Divorce statistics concerning age paint a very interesting picture of who is getting divorced.
Interesting Divorce Statistics Concerning Age
A person's view of divorce and whether it is something they would consider varies by age. The Barna Research Group conducted a survey of 3,854 adults in 1999. The results were very interesting:
- 11 percent of adult Americans had been divorced
- 25 percent of adult Americans had been through at least one divorce in their lifetime
- 34 percent of Americans aged 33-52 had been divorced
- 37 percent of people ages 53-72 had been divorced
- 18 percent of seniors (73 years old and up) were divorced
Reasons for Divorce Among Baby Boomers
The Baby Boom generation grew up in a time when divorce was no longer the social disgrace it was at one point in time. If they see it as an acceptable option to deal with a marriage that is no longer working for them, they may not be as motivated to try to work out issues in the marriage as previous generations were.As women became less economically dependent on their spouses, they became more likely to seek a divorce than to try staying in the marriage. The divorce rate for this generation is triple that of the previous one, and many people found that it was difficult to start over financially afterward.
Interestingly enough, people who make up the tail end of the Baby Boomer generation (those people born between 1946 and 1964) are less likely to divorce. According to data released by the U.S. Census Bureau in 2004, 29.2 percent of men born between 1945 and 1949 were divorced before the of 40. Among men born between 1960-1964, the divorce rate by age 40 was 25.4 percent.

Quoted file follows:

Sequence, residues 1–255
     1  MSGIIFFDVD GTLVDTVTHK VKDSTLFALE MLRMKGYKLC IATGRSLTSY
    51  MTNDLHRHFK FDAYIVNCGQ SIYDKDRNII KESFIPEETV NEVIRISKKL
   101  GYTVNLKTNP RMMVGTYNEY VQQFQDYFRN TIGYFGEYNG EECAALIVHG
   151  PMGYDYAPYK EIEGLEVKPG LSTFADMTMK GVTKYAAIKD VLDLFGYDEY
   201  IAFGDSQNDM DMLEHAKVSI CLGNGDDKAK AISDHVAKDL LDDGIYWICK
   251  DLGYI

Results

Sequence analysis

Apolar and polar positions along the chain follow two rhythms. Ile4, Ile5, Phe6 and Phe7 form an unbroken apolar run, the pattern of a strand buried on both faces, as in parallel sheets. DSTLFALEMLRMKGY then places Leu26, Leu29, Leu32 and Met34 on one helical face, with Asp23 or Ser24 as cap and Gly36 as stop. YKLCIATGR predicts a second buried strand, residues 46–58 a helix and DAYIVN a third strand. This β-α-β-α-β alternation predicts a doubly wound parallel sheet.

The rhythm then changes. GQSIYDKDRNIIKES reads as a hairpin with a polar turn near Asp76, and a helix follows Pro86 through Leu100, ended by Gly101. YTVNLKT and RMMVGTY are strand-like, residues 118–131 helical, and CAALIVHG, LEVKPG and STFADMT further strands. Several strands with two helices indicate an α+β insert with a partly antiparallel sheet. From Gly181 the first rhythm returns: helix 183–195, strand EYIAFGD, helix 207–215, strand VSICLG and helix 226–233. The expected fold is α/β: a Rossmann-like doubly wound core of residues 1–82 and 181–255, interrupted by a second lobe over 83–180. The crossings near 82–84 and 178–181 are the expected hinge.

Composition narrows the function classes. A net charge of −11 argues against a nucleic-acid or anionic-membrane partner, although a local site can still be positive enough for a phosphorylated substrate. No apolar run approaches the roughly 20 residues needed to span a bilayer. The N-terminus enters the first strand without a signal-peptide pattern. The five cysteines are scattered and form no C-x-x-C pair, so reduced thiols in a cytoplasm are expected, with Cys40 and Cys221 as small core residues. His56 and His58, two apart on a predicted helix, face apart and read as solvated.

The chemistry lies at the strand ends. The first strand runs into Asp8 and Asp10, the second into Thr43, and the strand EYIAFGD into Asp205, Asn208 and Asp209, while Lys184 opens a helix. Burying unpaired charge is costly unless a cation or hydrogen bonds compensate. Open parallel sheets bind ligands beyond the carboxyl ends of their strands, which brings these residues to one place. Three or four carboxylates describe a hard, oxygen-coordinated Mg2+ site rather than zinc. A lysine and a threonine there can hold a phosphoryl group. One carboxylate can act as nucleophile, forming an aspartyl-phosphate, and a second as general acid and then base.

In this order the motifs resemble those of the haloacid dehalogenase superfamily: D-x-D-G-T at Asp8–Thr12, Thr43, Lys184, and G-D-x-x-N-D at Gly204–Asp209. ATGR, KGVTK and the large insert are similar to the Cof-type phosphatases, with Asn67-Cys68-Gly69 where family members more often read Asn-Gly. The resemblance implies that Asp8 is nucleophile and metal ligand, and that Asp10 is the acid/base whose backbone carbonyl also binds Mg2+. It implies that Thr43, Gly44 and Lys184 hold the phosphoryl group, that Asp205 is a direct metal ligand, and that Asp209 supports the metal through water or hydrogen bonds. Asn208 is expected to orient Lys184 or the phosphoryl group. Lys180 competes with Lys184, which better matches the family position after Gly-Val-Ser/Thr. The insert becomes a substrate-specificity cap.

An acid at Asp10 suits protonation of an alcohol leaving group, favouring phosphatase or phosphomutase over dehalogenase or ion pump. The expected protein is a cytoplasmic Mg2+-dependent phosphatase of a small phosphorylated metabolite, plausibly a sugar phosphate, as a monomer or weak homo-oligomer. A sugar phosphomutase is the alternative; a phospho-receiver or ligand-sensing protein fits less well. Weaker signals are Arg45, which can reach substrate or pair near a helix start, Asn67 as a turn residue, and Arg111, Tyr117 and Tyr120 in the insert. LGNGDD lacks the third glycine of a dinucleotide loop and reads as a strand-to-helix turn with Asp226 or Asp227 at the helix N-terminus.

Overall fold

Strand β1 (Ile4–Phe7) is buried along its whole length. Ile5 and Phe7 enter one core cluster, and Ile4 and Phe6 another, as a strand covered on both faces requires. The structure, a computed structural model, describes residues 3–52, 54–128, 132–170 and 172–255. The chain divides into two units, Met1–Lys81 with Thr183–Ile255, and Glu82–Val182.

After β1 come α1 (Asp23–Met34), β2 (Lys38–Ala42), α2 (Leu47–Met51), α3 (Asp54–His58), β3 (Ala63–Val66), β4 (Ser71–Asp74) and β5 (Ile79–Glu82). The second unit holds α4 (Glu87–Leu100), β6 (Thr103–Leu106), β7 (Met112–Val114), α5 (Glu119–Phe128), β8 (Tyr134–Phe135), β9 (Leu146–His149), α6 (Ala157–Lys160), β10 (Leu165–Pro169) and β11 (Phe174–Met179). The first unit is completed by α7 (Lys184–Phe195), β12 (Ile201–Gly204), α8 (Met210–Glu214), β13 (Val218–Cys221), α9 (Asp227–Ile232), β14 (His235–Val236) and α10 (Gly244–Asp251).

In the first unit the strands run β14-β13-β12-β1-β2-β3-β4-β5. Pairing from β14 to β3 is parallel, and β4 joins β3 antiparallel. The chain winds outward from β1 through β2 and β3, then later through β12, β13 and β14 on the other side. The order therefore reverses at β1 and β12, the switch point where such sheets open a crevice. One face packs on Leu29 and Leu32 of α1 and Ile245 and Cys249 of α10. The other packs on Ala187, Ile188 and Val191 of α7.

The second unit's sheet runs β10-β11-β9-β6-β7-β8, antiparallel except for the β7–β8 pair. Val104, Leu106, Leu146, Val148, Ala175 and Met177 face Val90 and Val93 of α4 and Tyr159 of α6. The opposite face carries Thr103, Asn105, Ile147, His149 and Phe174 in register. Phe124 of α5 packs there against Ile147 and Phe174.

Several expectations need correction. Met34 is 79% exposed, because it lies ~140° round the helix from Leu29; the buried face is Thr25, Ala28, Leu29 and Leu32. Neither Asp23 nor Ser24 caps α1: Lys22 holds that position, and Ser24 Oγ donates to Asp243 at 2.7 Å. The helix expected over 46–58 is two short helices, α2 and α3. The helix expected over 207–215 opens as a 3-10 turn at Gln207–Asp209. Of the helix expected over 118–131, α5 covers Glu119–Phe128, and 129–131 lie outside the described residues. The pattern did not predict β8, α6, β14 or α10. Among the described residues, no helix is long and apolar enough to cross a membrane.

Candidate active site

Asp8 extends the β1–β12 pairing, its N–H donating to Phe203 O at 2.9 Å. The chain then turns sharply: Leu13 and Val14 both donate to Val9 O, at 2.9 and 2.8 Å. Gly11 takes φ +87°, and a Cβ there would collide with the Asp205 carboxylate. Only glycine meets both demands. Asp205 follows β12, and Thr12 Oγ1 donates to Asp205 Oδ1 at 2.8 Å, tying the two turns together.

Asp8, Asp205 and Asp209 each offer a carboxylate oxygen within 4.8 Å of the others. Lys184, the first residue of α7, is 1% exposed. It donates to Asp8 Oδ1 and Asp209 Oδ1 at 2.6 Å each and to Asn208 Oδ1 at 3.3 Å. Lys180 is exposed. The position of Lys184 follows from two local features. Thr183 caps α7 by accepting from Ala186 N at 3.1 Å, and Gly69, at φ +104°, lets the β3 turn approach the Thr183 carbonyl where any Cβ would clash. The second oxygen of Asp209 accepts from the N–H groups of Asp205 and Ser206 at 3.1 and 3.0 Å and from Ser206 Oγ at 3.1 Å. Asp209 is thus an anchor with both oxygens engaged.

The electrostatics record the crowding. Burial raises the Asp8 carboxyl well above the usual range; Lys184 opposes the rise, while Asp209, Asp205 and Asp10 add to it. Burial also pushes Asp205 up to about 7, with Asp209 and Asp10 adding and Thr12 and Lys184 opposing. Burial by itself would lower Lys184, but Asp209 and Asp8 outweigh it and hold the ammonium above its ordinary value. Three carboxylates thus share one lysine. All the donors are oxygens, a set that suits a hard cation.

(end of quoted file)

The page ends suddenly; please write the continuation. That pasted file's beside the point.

The numbers for female Baby Boomers were similar. Out of those women born during the early portion of the Baby Boom generation, 34.4 percent were divorced by age 40. Later-born Baby Boomers were less likely to be divorced by the same age; 30.3 percent of them had legally ended a marriage.
Seniors and Divorce
Another emerging trend when it comes to divorce statistics concerning age is the rise in divorce among people over the age of 50. The AARP (American Association of Retired People) published the results of a survey indicating that a growing number of people were choosing the end their marriage. Two-thirds of the time, the divorce action was initiated by the female partner. The women surveyed indicated that physical or mental abuse was one of the main reasons why they wanted out of the marriage. Infidelity and drug or alcohol abuse were also mentioned as reasons why the marriage failed.
Almost half of the seniors surveyed (47 percent) who decided to get divorced had been through a previous divorce, which led researchers to conclude that a person who has already been divorced once is more likely to leave a second marriage that they feel is unsatisfactory. They may feel that the second marriage will be a similar, painful experience to the first one, and they will decide to get out sooner rather than later.
It's also possible that seniors are waiting until their family has grown to adulthood before choosing to get a divorce. Many people consider that they should stay together "for the sake of the children" while they are young.
These statistics would seem to indicate that a significant number of people are not prepared to stay in an unsatisfactory marriage. The seniors may feel they have a number of "good" years ahead of them, and they want to be happy during their golden years. The lower figures for the Baby Boomers born near the end of the generation may be explained by the fact that this generation is waiting longer than previous ones to get married.